Triggers are stimuli that cause a strong emotional or physiological response, especially in people who have a history of trauma. Triggers can be anything that reminds a person of the traumatic event, such as a sight, sound, smell, taste, or touch. They can also be more abstract things, such as a certain time of year, a certain holiday, or even a certain thought pattern.

 When you are triggered, choose to respond differently. By responding differently, you can remain calm, composed, and unaffected by the chaos around you. Acknowledge and manage your emotions so they don’t control you.

When a person experiences an overflow of emotions, there is a disconnection between two important spheres of the brain.  Peaceful Chaos by Michael A. Singer. Published by Hay House, Inc., 2019.

The limbic system is the part of the brain that controls emotions, and the neocortex is the part of the brain that controls reasoning and reflection. This is why it is important to try to reason with someone who is in an emotional crisis.

All emotions have a purpose and help us survive and grow. They guide us towards what is good for us and away from what is harmful. When we feel joy, it is a sign that we are connected to things that are good for us. When we feel anger, it is a sign that there may be something blocking our well-being.

Emotions are triggered by signals released by our brains in response to perceived threats or opportunities. Our perceptions shape our emotions. According to neuroscience, emotions typically last around 90 seconds. Emotions themselves are neutral, but it is our interpretation and reaction to them that determine whether we perceive them as positive or negative. Many people confuse emotions and feelings.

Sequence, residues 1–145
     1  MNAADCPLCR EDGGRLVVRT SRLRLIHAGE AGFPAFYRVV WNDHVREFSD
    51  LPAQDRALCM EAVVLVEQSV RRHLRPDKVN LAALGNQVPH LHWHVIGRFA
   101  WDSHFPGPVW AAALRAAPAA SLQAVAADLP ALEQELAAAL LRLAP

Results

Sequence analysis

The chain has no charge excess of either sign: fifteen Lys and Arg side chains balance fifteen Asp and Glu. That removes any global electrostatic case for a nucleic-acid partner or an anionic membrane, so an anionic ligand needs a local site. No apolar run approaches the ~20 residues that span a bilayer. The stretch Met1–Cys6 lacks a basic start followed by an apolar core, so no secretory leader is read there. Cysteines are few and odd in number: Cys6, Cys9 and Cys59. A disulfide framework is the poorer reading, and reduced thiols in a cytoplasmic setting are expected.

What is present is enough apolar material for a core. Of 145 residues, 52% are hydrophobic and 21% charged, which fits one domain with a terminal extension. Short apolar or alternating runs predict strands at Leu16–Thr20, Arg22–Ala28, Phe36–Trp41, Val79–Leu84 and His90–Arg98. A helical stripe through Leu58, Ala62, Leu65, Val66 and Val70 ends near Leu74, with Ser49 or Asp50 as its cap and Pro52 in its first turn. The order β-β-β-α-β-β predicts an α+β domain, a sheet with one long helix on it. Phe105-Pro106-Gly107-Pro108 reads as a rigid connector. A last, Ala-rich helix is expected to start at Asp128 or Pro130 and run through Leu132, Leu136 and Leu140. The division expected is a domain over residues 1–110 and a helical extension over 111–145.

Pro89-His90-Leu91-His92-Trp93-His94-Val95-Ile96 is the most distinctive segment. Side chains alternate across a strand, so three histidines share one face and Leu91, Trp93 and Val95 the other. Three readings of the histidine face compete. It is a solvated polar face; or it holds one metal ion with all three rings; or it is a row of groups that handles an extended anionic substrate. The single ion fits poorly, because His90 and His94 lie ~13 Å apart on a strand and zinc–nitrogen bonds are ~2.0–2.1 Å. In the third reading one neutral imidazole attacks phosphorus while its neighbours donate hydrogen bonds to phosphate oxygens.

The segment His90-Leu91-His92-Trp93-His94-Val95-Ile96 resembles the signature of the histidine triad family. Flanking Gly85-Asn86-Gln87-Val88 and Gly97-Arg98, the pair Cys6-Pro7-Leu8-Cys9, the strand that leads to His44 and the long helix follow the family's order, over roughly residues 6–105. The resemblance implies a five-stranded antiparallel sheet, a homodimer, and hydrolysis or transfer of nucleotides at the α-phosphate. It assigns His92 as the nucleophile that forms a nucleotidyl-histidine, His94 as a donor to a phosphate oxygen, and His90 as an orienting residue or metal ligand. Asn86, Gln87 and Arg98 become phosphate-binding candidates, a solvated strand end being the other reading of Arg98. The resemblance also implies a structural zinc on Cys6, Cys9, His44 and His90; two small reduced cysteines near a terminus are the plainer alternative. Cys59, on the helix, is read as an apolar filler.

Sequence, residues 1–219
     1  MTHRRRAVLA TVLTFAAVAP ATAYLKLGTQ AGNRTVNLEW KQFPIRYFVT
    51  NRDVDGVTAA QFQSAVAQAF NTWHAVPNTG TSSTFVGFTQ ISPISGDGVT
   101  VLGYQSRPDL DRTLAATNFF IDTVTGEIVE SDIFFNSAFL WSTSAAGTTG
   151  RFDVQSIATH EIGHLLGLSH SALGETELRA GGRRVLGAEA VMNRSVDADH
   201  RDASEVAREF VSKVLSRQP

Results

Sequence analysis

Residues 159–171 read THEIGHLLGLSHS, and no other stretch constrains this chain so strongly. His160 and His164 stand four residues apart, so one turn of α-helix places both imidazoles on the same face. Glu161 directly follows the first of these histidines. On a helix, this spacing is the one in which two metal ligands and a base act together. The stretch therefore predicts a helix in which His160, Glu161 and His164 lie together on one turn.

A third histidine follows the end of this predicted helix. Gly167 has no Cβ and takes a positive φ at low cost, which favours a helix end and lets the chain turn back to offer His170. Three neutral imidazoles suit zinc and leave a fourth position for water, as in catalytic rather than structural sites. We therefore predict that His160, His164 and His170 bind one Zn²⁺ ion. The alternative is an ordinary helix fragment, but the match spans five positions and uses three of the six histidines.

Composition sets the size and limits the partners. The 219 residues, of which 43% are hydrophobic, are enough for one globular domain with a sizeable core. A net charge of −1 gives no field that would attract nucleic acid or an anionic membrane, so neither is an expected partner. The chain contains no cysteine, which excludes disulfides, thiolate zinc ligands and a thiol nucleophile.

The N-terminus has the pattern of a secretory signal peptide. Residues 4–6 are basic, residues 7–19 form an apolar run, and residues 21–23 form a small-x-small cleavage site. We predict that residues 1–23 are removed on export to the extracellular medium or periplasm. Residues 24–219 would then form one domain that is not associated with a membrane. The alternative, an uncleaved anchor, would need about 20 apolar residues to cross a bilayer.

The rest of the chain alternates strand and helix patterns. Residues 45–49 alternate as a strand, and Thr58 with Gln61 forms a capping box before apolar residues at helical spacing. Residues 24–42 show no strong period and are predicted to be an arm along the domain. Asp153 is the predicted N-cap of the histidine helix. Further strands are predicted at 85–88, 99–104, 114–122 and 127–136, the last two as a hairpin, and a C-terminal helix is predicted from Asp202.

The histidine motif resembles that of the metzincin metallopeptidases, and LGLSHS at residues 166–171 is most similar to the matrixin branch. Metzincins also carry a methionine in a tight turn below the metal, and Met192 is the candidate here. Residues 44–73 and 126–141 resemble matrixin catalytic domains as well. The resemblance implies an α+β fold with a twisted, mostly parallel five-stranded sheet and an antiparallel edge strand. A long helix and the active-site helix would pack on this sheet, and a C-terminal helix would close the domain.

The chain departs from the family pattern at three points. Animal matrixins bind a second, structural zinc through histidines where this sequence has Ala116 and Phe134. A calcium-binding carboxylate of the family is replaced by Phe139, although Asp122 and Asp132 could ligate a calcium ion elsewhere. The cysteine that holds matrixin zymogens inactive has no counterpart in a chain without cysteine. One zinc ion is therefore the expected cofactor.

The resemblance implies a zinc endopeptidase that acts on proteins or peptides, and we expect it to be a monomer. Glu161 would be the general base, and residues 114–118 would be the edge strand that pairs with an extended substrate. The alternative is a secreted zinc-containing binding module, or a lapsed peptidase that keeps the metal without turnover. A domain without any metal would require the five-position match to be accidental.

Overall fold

Emotions versus feelings

Emotions are short-lived physiological reactions that prepare our bodies to respond to environmental stimuli. They typically last for just 3 to 4 minutes and involve a surge of energy that mobilizes us for fight-or-flight responses.

Anxiety and disappointment are subtypes of fear and sadness, respectively. When we can’t let go of an emotion, it is often because we are caught in a cycle of rumination or worry. This can be characterized by constantly replaying past events or dwelling on future uncertainties.

Emotions are complex and multifaceted, and they can be influenced by a variety of factors, including our thoughts, beliefs, and experiences. When we experience an emotion repeatedly, it can become associated with certain mental activities, such as rumination or worry. These mental activities can then trigger the emotion again and again, making it difficult to let go.

If you are struggling to let go of an emotion, it may be helpful to talk to a therapist or counselor. They can help you to identify the mental activities that are keeping you stuck and develop strategies for breaking the cycle.

Leave a Reply

Your email address will not be published. Required fields are marked *

Explore More

Mirror Mirror : Self Acceptance, Love and Freedom

December 23, 2023

Unmasking Perfection: Embracing Flaws, Finding Freedom in the Depths of Self No more hiding! I’m stepping into the sunshine. Not chasing empty things anymore. My love and loyalty belong to

Maps and Mountains: Charting Your Course Through the Storm of Healing

December 23, 2023

A Journey of Healing to Wholesome Healing is a journey, not a race. It’s about staying present in your body, tending to your mind. Control your vibrations, raise your energy,

Reclaiming Momentum and Navigating Triggers: A Journey of Self-Discovery

photo of cup beside books
February 1, 2024

Reclaiming Momentum and Navigating Triggers: A Journey of Self-Discovery A year ago, a surge of momentum propelled me forward, fueling my aspirations and propelling me towards my goals. However, as